The Finnish way of supporting Creative Industries
- Artistic skills and outputs need to be implemented, applied and distributed just as the skills and outputs from any other fields. Technology provides incredible, new forms for this to be realized, and management and business skills enable economic feasibility for these endeavors. To mention just a few areas the creative industries themselves can benefit from immensely. So yes, I think a horizontal approach to studying the creative economy potential is key, says Silja Suntola, Project Director of Creative Industries Finland (CIF), a national network for creative economy development coordinated by the Aalto University, School of Business in Helsinki.
In November 2012 will KreaNord and CKO publish the Nordic Policy Analysis 2012 which will provide an overview of key initiatives, experiences and policy making within the Creative Industries. In the coming months we bring you interviews with some of the most important policymakers within the creative industries in the Nordic countries.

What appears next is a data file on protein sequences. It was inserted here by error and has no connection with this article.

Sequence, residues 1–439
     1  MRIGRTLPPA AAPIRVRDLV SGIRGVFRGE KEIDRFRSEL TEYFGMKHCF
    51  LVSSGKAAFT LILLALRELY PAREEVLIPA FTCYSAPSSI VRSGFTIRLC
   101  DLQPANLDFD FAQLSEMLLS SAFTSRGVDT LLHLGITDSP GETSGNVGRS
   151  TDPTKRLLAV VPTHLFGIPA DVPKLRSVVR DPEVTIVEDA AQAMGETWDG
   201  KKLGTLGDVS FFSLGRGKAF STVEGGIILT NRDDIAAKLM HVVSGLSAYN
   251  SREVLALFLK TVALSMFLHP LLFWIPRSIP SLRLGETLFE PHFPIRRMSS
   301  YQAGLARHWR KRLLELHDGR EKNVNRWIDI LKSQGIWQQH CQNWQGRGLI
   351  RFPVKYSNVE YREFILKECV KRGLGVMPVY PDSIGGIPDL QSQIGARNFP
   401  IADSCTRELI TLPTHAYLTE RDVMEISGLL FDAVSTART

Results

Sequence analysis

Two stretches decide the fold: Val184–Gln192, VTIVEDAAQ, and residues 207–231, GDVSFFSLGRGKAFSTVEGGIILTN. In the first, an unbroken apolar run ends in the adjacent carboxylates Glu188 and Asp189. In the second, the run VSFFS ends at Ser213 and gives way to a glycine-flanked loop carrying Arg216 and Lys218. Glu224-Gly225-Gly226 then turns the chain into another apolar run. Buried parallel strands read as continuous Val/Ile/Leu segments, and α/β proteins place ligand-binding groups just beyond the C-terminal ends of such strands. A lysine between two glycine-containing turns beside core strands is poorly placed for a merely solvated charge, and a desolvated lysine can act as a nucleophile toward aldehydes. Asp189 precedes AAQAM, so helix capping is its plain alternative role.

What have been the biggest challenges in working within the creative industries?
- I suppose it’s related in different ways to the fact that most creative industries are quite small (as are home markets in many cases), and even making a living is a challenge for many. In many cases production costs are quite high, and success is often difficult, if not impossible, to predict (or measure for that matter). This is a challenge for realizing the growth potential in many sectors, which in turn would be important in strengthening the creative industries in whole. In addition to this, many actors in the creative sectors do not necessarily identify themselves as being part of the creative sector. It is a heterogenous mix of quite different industries and people, and even just finding a common language and definitions can prove a challenge.
What do you think traditional business can learn from the creative industries - and vice versa?